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Population Health Research Design

Authorship Trends of Emergency Medicine Publications over the Last Two Decades

Volume 17, Issue 3, May 2016
Richard Lammers, MD, et al.

Introduction: With the recent merger of the American Osteopathic Association (AOA) and
the Accreditation Council for Graduate Medical Education (ACGME) a heightened pressure for
publication may become evident. Our objective was to determine whether there was a gap in the
type of both medical degree designation and advanced degree designation among authorship in
three United States-based academic emergency medicine journals.
Methods: We reviewed the Journal of Emergency Medicine, Academic Emergency Medicine and
Annals of Emergency Medicine for the type of degree designation that the first and senior authors
had obtained for the years 1995, 2000, 2005, 2010 and 2014.
Results: A total of 2.48% of all authors held a degree in osteopathic medicine. Osteopathic
physician first authors contributed to 3.26% of all publications while osteopathic physician senior
authors contributed 1.53%. No statistical trend could be established for the years studied for
osteopathic physicians. However, we noted an overall trend for increased publication for allopathic
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senior authors (p=0.001), allopathic first authors with a dual degree (p=0.003) and allopathic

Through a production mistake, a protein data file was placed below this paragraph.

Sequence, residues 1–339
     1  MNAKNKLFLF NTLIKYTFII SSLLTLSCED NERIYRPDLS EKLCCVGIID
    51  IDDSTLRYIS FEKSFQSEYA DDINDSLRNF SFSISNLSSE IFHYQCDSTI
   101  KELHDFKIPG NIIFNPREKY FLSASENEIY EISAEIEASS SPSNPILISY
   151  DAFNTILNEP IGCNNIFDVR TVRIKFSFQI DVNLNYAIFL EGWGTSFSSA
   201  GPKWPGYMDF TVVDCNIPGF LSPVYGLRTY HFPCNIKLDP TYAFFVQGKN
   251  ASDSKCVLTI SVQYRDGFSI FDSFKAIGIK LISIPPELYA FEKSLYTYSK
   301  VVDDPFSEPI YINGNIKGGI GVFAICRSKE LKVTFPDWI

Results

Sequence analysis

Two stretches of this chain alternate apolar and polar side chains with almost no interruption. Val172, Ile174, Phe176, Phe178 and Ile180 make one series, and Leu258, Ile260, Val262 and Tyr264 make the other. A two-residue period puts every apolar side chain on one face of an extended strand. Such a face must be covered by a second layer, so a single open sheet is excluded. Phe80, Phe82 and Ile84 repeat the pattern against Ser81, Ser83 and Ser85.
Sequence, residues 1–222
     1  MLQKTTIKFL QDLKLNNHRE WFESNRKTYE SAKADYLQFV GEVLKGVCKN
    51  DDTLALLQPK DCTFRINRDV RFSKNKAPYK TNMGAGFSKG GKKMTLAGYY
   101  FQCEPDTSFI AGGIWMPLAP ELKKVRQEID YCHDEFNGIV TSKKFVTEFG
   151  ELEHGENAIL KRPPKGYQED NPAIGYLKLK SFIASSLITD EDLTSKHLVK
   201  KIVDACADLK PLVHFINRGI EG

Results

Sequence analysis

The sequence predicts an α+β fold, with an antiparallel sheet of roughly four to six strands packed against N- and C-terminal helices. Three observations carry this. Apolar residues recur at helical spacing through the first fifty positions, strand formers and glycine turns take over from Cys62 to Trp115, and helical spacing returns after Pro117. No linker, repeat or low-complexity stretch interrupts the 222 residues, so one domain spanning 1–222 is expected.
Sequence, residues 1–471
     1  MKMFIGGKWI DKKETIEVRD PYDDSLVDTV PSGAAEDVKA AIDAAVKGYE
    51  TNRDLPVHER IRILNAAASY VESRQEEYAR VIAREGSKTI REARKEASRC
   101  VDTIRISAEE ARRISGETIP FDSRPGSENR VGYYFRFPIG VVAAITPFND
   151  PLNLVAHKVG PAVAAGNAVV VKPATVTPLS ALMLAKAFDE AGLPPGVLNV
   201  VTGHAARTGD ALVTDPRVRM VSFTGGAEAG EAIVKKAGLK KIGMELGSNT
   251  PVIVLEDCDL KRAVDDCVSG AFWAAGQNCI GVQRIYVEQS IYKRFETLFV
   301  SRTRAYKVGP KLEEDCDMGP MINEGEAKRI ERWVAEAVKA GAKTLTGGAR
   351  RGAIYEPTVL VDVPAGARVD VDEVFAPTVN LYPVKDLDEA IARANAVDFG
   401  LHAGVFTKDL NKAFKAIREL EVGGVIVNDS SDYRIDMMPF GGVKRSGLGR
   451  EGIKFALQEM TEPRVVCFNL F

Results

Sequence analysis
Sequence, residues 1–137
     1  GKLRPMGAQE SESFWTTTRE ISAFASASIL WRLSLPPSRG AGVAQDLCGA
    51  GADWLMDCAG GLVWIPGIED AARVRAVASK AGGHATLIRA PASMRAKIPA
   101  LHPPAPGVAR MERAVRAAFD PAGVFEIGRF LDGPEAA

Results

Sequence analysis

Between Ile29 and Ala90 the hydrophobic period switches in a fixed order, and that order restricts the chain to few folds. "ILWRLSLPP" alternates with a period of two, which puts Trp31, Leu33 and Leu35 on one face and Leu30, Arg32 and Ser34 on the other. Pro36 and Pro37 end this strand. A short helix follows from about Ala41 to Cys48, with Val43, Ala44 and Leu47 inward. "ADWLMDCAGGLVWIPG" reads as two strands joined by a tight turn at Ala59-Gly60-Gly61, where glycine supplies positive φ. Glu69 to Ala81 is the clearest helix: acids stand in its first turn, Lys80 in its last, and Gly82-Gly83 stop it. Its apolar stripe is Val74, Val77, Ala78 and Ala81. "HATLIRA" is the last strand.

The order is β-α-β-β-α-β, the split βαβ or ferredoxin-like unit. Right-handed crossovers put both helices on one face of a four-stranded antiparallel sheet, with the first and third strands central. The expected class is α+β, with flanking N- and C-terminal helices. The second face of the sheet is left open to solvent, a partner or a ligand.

senior authors with a dual degree (p=0.005). For each journal studied, no statistical trend could
be established for osteopathic first or senior authors but a trend was noted for allopathic first
and senior authors in the Journal of Emergency Medicine (p-value=0.020 and 0.006). Of those
with dual degrees, osteopathic physicians were in the minority with 1.85% of osteopathic first
authors and 0.60% of osteopathic senior authors attaining a dual degree. No statistical trend could
be established for increased dual degree publications for osteopathic physicians over the study
period, nor could a statistical trend be established for any of the journals studied.
Conclusion: Very few osteopathic physicians have published in the Journal of Emergency
Medicine, Academic Emergency Medicine or Annals of Emergency Medicine over the last two
decades. Despite a trend for increased publication by allopathic physicians in certain journals,
there appears to be no trend for increased publication of osteopathic physicians in emergency

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Population Health Research Design

Validation of ICD-9 Codes for Stable Miscarriage in the Emergency Department

Volume 16, Issue 4, July 2015
Kelly E. Quinley, MD, et al.

International Classification of Disease, Ninth Revision (ICD-9) diagnosis codes have not been validated for identifying cases of missed abortion where a pregnancy is no longer viable but the cervical os remains closed. Our goal was to assess whether ICD-9 code “632” for missed abortion has high sensitivity and positive predictive value (PPV) in identifying patients in the emergency department (ED) with cases of stable early pregnancy failure (EPF).

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Population Health Research Design

How do Medical Societies Select Science for Conference Presentation? How Should They?

Volume 16, Issue 4, July 2015
Thomas M. Kuczmarski, BA, et al.